The higher the concentration of the enzyme 5-enolpyruvylshikimate-3-phosphate synthase (EPSPS) in a plant, the more it can resist glyphosate. Some plants can duplicate the gene responsible for producing the EPSPS enzyme, meaning they will produce more of the enzyme and better tolerate glyphosate.
Dr Philip Westra of Colorado State University in the US said molecular testing of kochia plants from Colorado, Kansas, South Dakota and North Dakota had confirmed this resistance mechanism is allowing the weed to thrive.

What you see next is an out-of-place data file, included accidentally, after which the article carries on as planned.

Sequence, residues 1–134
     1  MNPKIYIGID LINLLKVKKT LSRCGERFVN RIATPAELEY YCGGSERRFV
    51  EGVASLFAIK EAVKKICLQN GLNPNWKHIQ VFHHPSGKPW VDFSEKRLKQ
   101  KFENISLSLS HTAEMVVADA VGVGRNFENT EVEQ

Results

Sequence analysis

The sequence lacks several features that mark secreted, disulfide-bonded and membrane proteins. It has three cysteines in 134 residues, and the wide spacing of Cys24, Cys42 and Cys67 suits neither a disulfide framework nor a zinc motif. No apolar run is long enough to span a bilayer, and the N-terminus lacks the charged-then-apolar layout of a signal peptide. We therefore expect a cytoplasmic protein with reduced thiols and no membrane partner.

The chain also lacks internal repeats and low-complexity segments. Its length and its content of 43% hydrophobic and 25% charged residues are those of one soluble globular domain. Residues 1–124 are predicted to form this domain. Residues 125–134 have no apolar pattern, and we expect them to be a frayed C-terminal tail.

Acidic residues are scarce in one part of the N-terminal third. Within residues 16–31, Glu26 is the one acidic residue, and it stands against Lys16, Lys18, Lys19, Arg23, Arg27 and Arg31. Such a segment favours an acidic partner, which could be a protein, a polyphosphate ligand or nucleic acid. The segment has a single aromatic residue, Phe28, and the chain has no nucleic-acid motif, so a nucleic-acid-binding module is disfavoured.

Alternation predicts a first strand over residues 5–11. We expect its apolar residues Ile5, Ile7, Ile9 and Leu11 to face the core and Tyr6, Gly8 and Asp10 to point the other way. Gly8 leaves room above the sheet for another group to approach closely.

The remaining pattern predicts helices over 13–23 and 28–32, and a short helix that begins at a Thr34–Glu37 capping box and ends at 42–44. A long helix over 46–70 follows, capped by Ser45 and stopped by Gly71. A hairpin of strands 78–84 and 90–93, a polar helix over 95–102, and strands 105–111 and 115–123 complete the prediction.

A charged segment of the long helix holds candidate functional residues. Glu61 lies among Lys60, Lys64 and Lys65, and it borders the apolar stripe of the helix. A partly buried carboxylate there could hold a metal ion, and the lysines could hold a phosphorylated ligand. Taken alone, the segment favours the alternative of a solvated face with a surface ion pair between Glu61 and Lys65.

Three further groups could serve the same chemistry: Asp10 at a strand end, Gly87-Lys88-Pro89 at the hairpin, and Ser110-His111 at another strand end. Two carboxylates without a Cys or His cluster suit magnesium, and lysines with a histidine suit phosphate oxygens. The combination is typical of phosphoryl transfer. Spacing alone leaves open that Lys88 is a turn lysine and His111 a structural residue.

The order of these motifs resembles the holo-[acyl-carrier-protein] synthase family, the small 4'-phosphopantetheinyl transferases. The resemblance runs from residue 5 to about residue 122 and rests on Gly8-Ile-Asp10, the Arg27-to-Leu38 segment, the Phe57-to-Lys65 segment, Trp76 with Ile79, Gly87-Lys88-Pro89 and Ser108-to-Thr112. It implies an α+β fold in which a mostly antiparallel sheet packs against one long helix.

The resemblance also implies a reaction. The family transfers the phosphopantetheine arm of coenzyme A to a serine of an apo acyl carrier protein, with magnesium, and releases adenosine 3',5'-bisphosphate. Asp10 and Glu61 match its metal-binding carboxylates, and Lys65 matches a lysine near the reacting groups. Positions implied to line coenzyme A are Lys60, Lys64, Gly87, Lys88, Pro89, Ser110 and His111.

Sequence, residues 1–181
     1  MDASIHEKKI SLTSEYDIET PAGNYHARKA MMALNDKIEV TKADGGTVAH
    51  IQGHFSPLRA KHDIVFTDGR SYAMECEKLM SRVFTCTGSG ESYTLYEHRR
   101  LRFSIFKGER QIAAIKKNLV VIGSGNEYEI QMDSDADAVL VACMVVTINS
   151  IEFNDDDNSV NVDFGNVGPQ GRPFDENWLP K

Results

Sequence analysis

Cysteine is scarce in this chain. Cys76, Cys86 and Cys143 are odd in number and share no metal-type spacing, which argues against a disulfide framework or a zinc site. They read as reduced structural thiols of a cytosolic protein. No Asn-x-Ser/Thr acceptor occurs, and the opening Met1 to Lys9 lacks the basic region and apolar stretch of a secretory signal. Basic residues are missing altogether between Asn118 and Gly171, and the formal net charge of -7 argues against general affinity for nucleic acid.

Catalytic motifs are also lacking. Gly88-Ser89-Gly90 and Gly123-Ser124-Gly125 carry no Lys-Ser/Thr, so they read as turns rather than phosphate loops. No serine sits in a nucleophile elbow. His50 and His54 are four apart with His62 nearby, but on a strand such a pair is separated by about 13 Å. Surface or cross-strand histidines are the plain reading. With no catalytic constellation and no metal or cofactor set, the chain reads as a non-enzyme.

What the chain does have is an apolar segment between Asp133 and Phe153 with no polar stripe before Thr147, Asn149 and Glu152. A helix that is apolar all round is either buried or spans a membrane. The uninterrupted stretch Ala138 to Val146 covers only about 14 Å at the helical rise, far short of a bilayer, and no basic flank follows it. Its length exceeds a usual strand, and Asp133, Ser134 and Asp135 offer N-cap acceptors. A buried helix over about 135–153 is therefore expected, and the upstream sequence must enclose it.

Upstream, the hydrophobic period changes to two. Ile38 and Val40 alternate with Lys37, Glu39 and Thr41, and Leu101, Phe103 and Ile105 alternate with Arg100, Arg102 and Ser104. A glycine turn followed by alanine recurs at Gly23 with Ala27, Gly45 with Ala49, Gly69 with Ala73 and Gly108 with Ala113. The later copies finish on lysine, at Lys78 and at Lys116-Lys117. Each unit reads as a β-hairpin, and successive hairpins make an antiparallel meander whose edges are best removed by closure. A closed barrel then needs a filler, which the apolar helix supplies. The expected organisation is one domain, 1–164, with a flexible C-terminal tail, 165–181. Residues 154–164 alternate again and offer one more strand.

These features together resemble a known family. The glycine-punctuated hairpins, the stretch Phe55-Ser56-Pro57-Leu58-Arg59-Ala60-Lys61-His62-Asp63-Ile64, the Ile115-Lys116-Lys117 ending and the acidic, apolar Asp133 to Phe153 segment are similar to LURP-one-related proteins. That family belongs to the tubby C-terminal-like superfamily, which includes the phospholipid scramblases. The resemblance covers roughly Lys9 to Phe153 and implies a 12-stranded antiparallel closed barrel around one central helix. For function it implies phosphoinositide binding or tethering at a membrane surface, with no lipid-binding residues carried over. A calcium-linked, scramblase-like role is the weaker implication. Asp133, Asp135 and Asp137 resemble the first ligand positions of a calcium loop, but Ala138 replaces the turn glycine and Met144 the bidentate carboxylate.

“We get field-level survival of kochia plants at three copies of the EPSPS gene,” he said. “So how many copies do kochia plants need to be resistant?’”
His team is looking at the EPSPS gene itself to try to understand the molecular mechanism that is allowing the gene to create duplicates.
The same gene amplification resistance mechanism has now been identified in three species – Palmer amaranth (Amaranthus palmeri), annual ryegrass (Lolium rigidum) and tall waterhemp (A. tuberculatus).
Going forward, he is keen to investigate if gene amplification will confer resistance to other herbicides and whether the three different plant species use the same mechanism for gene amplification: “The issue we’re interested in is whether the gene amplification will ramp up over time if we continue to use glyphosate and other herbicides,” he said.
Dr Philip Westra,